Posted in Member Profile

Kathy Sutphin

Genres: Fiction, Poetry, Whatever comes into my head

What kind of research goes into writing your novels and how much time does it take?

Tons of research go into writing my children’s stories.  If it’s about butterflies, I study where they live, what they eat, their life cycle.  Even though I may alter the facts to fit the fantasy, I always like to know what’s real. Recently I purchased three different books on mountain climbing, the excitement and dangers, for a fictional story set on a snow-capped mountain. Does it make sense that knowing the reality helps make the fantasy more believable?  Does, for me.

If you could offer one piece of writing advice to a novice author, what would it be?

I am a novice myself, but I believe one should write what gives you joy.  Feel the characters, feel the place, imagine yourself within the story.  Sometimes I’m a talking rabbit with lots to say.

Have you ever based characters on real people? Give us a couple of examples.

Real people, especially my daughters and their families, give me a basis for my human characters. As for animals in my fiction, some are based on actual critters, but their personalities are totally what’s going on in my own head. As a kid I was very focused on academics.  Now I’m making up for that missed playtime. Some examples:

  • In Hattie and Whisper, Hattie is a caterpillar and Whisper is fashioned after my granddaughter and her love of bugs. 
  • In a work-in-progress, there is another young girl whose best friend is a talking rabbit with an attitude – definitely me.

What kind of books do you enjoy reading and how often do you read?

I love biographies, real people, real places and true adventures. Not much for fiction except what’s in my head.  Here are a few books scattered about our house:

  • Denali’s Howl by Andy Hall
  • Explore My World Rain Forests by Marfa Delano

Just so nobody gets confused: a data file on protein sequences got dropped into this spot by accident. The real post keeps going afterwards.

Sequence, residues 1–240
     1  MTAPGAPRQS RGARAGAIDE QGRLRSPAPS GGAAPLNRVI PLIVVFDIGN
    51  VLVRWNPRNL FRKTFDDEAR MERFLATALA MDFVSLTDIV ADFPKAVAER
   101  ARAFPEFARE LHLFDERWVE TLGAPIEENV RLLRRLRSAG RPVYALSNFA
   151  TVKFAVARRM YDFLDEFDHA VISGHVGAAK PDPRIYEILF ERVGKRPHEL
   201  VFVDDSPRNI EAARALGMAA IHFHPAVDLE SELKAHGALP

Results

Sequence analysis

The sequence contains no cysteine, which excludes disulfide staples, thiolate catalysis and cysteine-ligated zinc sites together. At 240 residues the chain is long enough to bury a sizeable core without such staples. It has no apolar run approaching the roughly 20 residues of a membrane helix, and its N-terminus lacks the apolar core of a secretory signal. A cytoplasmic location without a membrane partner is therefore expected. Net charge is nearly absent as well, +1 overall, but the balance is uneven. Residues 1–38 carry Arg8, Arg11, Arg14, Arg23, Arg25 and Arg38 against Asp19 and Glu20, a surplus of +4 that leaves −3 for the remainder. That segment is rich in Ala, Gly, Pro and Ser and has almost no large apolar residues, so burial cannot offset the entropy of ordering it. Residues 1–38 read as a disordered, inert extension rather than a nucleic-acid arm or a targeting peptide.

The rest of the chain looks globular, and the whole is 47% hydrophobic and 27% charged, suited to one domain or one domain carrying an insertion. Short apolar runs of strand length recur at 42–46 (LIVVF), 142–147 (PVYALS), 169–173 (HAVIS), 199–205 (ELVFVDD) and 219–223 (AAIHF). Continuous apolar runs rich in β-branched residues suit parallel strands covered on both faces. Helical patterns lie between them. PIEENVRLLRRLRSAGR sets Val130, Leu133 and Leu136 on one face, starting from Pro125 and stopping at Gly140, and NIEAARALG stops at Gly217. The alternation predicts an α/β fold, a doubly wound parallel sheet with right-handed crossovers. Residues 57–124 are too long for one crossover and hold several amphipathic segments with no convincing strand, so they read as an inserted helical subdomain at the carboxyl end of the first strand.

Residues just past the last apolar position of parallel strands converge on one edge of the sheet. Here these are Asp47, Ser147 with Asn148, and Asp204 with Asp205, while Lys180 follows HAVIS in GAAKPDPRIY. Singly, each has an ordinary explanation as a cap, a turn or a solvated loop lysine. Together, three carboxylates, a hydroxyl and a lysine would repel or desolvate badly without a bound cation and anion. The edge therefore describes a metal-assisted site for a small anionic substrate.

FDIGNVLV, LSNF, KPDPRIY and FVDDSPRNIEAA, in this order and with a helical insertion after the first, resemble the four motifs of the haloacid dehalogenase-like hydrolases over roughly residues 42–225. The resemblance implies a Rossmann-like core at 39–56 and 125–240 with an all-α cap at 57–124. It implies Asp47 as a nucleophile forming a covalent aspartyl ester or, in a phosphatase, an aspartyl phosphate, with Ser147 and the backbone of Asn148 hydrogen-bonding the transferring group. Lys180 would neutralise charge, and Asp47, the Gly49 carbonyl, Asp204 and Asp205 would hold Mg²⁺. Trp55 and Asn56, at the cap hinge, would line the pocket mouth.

• Pueblo Nations by Joe S. Sando
  • The Girl Explorers by Jayne Zanglein

Does the idea of writing energize you or exhaust you? Or both?

This is a great question. Definitely both. Some days with my coffee cooling on the desk and my little dog on my lap, I can easily put fingers on the keyboard.   However, there are days when all I do is jot ideas on scratches of paper and hope they will gel into something worth writing.

Did your formal education or upbringing/background prepare you in any way to write?

Chemistry, mathematics, computers – that’s my background.  Hard science. All fact-driven by if-then-else thinking. Funny to me as I answer this question that the if-then-else of computer programming is the perfect thought stream for writing.  IF this happens, THEN what’s next?  Is there an ELSE that changes the story. Back to IF this happens…


I’ve been an educator, a researcher, a chemist, software engineer and a technical manager. After 25 years with IBM, I decided to retire from the computer world and go ‘smell the roses.’ I tried planting fragrant roses, but the neighborhood deer ate them.  So, I turned to golf, walking and writing.  I love wordplay and found that writing children’s stories satisfied the make-believe part of my brain that had been overshadowed by a life in hard science.  My husband and I live in Georgetown and share four children and seven grandchildren who are scattered across four states.

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